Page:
How can schools best serve the needs of children with an SpLD and what does inclusive classroom practice look like?
What is an SpLD?
Do you have students who struggle with various aspects of literacy? Are there children with poor spatial awareness? It might be that they have an undiagnosed specific learning difficulty such as dyslexia, ADHD, Dyscalculia, Dysgraphia or Dyspraxia.
There are many types of specific learning difficulties, but most of us will experience some form of these challenges throughout our lives. In fact, according to the National Center for Learning Disabilities, 1 in every 4 children has a specific learning disability.
If your students struggle with any type of specific learning difficulty, then you already know how frustrating it can be. But do you know why they struggle? And what can you do to overcome it?
This article will help you understand exactly what specific learning difficulties are, and how your students can address a range of difficulties using more effective study skills.
Specific Learning Difficulties (SpLD) are a neurodevelopment disorder, that includes various types of learning difficulties. It can be diagnosed in early school-age children.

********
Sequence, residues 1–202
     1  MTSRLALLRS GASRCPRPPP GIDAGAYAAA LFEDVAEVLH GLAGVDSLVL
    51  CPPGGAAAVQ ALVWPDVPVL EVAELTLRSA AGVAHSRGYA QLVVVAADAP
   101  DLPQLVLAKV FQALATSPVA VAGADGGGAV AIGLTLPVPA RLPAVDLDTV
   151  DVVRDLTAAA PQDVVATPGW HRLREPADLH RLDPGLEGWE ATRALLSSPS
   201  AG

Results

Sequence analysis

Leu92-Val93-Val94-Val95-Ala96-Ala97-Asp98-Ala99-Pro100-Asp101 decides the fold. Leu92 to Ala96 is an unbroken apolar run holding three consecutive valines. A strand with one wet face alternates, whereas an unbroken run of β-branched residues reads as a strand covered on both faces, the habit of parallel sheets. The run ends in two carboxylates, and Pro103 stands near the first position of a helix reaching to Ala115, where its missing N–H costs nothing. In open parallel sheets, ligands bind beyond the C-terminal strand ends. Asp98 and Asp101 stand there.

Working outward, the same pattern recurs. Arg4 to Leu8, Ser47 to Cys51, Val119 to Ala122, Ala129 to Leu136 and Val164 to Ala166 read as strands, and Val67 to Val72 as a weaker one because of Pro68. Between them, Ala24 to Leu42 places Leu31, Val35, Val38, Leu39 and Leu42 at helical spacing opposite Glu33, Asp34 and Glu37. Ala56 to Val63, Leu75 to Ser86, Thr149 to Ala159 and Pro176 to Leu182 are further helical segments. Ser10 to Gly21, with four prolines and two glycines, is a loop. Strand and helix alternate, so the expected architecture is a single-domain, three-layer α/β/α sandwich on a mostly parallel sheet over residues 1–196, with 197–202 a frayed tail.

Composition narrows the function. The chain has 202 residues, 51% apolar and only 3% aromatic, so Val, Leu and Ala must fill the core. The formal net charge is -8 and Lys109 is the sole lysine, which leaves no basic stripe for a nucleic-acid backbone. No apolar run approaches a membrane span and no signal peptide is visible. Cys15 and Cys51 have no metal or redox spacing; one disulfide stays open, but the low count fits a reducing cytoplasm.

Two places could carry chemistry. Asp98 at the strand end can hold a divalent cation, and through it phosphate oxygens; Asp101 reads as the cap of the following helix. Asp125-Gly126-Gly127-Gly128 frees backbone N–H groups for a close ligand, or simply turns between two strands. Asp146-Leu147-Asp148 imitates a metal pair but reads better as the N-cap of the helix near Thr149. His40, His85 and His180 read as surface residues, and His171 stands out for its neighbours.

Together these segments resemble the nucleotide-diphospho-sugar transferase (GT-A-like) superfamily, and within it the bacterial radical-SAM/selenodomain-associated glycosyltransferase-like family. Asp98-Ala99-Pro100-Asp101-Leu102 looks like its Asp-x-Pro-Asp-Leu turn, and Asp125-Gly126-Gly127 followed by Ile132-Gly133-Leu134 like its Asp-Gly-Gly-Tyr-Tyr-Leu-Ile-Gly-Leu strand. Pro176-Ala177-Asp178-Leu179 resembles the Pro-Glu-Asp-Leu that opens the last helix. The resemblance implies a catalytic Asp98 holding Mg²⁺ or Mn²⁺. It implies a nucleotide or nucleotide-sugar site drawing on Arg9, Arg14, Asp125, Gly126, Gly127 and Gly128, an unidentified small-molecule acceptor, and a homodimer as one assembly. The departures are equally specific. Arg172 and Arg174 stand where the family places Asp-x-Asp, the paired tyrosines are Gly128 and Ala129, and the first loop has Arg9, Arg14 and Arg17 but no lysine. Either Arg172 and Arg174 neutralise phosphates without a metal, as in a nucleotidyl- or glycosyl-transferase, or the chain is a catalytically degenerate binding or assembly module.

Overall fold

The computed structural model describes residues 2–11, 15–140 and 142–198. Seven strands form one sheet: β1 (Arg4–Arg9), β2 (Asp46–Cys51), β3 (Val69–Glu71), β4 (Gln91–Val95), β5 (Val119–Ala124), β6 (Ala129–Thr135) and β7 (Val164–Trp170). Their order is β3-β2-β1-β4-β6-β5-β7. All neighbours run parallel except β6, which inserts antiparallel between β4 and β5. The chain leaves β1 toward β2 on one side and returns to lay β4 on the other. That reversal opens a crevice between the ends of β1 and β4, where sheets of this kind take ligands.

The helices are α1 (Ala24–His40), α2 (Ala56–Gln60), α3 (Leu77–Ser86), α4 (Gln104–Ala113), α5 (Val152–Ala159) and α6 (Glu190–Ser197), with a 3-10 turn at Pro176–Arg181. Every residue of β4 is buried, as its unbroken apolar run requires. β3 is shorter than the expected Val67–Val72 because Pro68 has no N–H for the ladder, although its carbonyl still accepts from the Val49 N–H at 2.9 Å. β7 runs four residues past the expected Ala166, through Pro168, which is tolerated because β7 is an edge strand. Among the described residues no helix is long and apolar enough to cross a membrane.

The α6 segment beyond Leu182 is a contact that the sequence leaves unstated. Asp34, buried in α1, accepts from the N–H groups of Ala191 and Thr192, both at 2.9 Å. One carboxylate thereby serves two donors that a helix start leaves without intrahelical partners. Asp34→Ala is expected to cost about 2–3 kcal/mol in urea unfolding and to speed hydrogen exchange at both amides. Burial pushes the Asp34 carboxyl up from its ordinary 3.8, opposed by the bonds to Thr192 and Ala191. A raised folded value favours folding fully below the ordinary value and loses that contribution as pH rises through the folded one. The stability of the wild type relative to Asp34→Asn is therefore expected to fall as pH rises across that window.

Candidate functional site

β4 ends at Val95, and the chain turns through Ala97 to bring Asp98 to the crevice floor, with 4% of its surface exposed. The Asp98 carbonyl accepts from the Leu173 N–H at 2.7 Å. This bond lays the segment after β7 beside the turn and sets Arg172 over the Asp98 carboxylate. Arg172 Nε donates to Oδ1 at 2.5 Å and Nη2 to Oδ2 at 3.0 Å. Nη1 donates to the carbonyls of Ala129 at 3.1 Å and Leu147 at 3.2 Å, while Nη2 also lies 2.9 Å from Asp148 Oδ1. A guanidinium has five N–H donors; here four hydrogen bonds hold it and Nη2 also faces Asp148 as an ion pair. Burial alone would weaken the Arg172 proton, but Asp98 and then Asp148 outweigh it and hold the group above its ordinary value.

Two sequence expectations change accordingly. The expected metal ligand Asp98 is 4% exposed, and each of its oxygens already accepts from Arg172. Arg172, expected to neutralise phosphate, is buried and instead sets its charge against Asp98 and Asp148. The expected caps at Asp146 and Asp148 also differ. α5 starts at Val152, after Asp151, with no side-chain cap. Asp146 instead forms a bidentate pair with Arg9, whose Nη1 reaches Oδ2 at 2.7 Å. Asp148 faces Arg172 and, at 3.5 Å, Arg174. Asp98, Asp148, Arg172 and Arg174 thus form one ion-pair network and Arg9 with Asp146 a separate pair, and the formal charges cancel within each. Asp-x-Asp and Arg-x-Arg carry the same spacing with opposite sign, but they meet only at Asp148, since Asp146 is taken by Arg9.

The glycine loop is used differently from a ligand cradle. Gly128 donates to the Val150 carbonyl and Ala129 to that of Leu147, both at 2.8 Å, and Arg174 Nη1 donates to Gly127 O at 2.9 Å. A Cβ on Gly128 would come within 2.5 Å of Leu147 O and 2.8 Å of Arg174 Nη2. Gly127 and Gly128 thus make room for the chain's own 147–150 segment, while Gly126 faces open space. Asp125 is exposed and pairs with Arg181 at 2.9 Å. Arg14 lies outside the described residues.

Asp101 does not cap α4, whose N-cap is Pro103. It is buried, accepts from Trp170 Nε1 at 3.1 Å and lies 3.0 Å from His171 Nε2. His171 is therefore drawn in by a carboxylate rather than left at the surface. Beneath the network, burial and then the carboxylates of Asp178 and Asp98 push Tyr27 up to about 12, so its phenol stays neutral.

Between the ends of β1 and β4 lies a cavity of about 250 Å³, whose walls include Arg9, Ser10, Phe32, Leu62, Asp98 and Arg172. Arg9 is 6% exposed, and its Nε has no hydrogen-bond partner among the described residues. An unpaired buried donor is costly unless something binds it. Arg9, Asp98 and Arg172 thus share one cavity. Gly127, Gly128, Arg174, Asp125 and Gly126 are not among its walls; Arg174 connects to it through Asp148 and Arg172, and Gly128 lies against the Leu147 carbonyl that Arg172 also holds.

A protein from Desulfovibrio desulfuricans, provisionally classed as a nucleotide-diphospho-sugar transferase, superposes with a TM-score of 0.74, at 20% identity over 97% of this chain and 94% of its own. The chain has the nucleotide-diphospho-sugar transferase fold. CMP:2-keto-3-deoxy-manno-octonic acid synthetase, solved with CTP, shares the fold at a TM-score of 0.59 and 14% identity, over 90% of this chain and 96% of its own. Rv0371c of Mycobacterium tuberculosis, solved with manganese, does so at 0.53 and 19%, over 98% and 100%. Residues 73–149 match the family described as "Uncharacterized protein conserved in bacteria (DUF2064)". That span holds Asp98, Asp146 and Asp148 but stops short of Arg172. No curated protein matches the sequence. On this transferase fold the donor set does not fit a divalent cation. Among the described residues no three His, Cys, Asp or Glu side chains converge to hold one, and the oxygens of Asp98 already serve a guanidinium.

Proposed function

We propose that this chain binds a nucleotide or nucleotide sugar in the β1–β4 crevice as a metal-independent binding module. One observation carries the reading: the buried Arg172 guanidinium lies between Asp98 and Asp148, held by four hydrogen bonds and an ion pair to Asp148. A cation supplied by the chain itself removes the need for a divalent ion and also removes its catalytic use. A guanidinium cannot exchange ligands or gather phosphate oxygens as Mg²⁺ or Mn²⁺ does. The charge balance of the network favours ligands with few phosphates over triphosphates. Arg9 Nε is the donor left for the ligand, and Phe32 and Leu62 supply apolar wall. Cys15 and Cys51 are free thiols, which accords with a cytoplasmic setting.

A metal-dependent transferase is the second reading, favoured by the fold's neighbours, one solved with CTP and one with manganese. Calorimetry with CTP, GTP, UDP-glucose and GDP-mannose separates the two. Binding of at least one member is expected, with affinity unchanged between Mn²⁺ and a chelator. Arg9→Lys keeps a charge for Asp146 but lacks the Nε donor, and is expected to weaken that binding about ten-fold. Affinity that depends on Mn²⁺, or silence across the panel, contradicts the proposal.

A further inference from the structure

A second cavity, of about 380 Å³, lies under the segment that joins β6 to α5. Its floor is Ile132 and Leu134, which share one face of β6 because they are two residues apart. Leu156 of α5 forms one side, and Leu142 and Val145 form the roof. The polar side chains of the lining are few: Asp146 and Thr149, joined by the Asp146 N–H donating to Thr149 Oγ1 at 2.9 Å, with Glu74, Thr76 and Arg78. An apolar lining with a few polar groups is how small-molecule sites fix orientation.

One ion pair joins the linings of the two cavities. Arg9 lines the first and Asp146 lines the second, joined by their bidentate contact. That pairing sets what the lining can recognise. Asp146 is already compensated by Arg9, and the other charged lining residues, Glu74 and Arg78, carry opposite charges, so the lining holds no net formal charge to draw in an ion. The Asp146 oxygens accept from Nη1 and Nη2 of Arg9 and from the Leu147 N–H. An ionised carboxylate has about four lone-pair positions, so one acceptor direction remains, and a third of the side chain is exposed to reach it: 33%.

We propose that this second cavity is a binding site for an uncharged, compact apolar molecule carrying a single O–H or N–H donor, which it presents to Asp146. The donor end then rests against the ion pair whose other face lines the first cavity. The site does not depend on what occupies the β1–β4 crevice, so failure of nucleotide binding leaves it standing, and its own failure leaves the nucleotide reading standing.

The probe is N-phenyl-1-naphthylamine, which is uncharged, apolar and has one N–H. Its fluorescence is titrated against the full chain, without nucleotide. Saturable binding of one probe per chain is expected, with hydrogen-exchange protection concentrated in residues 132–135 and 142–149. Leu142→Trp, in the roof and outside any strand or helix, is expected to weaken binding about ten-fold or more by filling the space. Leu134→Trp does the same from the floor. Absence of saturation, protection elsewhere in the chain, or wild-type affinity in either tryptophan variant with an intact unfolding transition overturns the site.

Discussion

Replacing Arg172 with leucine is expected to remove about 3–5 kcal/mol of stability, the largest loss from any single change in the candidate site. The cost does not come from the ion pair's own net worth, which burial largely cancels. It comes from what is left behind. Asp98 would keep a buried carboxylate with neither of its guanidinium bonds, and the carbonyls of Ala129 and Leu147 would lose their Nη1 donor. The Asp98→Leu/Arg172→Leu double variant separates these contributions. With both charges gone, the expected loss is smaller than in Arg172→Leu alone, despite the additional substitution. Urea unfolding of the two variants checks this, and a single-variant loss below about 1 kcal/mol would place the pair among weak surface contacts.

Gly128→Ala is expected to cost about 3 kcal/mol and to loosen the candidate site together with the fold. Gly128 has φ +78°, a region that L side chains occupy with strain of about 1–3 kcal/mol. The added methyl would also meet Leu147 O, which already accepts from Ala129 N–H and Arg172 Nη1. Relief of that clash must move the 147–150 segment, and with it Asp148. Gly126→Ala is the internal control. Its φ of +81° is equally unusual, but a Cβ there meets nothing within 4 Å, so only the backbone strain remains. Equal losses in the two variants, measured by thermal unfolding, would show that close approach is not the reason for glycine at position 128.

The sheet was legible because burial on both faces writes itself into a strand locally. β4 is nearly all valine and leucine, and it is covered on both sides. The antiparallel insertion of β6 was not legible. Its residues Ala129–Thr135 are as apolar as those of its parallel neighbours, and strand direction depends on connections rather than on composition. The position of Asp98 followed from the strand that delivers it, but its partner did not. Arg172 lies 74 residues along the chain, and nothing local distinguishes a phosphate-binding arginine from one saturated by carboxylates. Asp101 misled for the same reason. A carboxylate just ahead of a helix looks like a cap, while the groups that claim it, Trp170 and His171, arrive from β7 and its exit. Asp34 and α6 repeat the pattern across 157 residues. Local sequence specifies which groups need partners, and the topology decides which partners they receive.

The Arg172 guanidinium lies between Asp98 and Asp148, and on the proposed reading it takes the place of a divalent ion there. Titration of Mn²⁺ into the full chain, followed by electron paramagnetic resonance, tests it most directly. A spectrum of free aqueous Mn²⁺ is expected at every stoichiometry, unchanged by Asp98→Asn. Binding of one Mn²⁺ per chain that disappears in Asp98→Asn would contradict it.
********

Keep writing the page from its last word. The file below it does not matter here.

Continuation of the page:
The severity of the SpLD falls into one of these three levels:
- Mild: having minor issues in one or two areas that are manageable.
- Moderate: learning difficulties that may need additional support from a specialist teacher with accommodation and support intervention.
- Severe difficulties with learning that affect several academic areas require intensive support with special intervention from the school and outside agencies.
Cognitive skills are the process of the brain's ability to think, learn, and remember the information that the brain receives every day. Everyone has strengths and weaknesses in their cognitive skills, and most people fall into the normal range. When a pupil has difficulty with their cognitive skills, it affects and reflects his/her ability to learn day-to-day life skills. SpLD is not affected by the person's intellectual ability, socio-economic background, or language background. If a pupil has a SpLD, it does not mean that the pupil cannot achieve an educational level. Although it may be challenging for the pupil and require greater effort and creative skills to achieve the maximum academic potential level. The biggest challenge for the teacher and the pupil is to recognise the specific needs and find a suitable intervention to facilitate the learning process.